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Average Hourly Earnings of Production and Nonsupervisory Employees, Total Private/Personal Consumption Expenditures: Chain-type Price Index

1Y | 5Y | 10Y | Max

NOTES

Source: U.S. Bureau of Labor Statistics  

Release: Employment Situation  

Units:  Dollars per Hour, Seasonally Adjusted

Frequency:  Monthly

Notes:

Production and related employees include working supervisors and all nonsupervisory employees (including group leaders and trainees) engaged in fabricating, processing, assembling, inspecting, receiving, storing, handling, packing, warehousing, shipping, trucking, hauling, maintenance, repair, janitorial, guard services, product development, auxiliary production for plant's own use (for example, power plant), recordkeeping, and other services closely associated with the above production operations.
#Nonsupervisory employees include those individuals in private, service-providing industries who are not above the working-supervisor level. This group includes individuals such as office and clerical workers, repairers, salespersons, operators, drivers, physicians, lawyers, accountants, nurses, social workers, research aides, teachers, drafters, photographers, beauticians, musicians, restaurant workers, custodial workers, attendants, line installers and repairers, laborers, janitors, guards, and other employees at similar occupational levels whose services are closely associated with those of the employees listed.

The series comes from the 'Current Employment Statistics (Establishment Survey).'

The source code is: CES0500000008

Suggested Citation:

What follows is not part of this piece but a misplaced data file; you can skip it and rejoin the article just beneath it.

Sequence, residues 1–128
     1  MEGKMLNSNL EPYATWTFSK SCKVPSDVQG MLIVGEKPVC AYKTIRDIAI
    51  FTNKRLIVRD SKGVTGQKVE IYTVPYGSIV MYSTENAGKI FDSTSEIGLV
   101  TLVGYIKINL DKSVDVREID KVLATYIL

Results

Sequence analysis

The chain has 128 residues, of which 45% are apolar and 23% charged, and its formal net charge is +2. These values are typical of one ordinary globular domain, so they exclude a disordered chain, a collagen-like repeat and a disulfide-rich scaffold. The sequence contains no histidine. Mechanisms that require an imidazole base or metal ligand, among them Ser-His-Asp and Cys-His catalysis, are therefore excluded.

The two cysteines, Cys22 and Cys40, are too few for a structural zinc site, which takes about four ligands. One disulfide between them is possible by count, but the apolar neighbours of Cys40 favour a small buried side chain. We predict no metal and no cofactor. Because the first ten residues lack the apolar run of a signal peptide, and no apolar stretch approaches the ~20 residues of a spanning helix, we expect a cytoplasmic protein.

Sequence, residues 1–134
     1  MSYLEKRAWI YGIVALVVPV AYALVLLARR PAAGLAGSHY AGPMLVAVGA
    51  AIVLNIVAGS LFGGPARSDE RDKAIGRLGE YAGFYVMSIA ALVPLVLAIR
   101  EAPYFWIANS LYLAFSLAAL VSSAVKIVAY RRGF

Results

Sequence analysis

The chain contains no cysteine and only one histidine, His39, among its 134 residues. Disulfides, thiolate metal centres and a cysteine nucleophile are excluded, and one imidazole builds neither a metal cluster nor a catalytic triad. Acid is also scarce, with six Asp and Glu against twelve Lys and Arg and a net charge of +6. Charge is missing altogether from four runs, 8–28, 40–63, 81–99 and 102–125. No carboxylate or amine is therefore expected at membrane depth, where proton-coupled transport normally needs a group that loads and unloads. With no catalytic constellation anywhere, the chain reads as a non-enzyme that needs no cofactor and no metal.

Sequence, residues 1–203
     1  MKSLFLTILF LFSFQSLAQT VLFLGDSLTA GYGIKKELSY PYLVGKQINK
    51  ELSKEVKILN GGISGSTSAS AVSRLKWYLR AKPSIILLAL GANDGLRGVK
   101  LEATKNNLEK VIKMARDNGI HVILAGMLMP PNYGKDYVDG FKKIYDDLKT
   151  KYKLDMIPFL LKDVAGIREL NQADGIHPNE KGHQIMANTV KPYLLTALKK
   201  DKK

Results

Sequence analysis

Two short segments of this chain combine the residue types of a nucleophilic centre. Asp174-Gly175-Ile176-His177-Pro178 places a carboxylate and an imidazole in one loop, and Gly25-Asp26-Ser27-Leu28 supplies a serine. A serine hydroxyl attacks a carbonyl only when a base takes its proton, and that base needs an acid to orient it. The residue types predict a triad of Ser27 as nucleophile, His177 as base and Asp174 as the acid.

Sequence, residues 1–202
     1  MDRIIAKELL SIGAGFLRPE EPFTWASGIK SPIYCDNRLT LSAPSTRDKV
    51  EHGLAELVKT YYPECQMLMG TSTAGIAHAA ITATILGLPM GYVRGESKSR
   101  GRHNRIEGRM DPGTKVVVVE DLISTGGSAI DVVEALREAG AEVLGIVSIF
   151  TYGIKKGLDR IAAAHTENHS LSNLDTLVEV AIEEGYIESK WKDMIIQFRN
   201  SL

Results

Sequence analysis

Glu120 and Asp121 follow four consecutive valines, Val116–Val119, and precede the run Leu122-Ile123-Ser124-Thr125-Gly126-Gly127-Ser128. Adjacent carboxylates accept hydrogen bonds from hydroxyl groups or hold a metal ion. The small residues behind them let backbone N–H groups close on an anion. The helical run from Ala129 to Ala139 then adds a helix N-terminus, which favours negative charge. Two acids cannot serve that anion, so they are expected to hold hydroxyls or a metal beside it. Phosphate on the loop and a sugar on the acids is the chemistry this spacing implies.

U.S. Bureau of Labor Statistics, Average Hourly Earnings of Production and Nonsupervisory Employees, Total Private [AHETPI], retrieved from FRED, Federal Reserve Bank of St. Louis; https://fred.stlouisfed.org/series/AHETPI, December 2, 2022.

Source: U.S. Bureau of Economic Analysis  

Release: Personal Income and Outlays  

Units:  Index 2012=100, Seasonally Adjusted

Frequency:  Monthly

Notes:

BEA Account Code: DPCERG

The Personal Consumption Expenditures Price Index is a measure of the prices that people living in the United States, or those buying on their behalf, pay for goods and services. The change in the PCE price index is known for capturing inflation (or deflation) across a wide range of consumer expenses and reflecting changes in consumer behavior. For example, if the price of beef rises, shoppers may buy less beef and more chicken.

The PCE Price Index is produced by the Bureau of Economic Analysis (BEA), which revises previously published PCE data to reflect updated information or new methodology, providing consistency across decades of data that's valuable for researchers. They also offer the series as a Chain-Type index, as above. The PCE price index is used primarily for macroeconomic analysis and forecasting.

The PCE Price index is the Federal Reserve’s preferred measure of inflation. The PCE Price Index is similar to the Bureau of Labor Statistics' consumer price index for urban consumers. The two indexes, which have their own purposes and uses, are constructed differently, resulting in different inflation rates.

For more information on the PCE price index, see:
U.S. Bureau of Economic Analysis, Guide to the National Income and Product Accounts of the United States (NIPA)
U.S. Bureau of Economic Analysis, Personal Consumption Expenditures Price Index
U.S. Bureau of Economic Analysis, Prices & Inflation
U.S. Bureau of Labor Statistics, Differences between the Consumer Price Index and the Personal Consumption Expenditure Price Index

Suggested Citation:

U.S. Bureau of Economic Analysis, Personal Consumption Expenditures: Chain-type Price Index [PCEPI], retrieved from FRED, Federal Reserve Bank of St. Louis; https://fred.stlouisfed.org/series/PCEPI, December 2, 2022.

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Average Hourly Earnings of Production and Nonsupervisory Employees, Total Private

Monthly, Not Seasonally Adjusted

Personal Consumption Expenditures: Chain-type Price Index

Annual, Not Seasonally Adjusted Quarterly, Seasonally Adjusted

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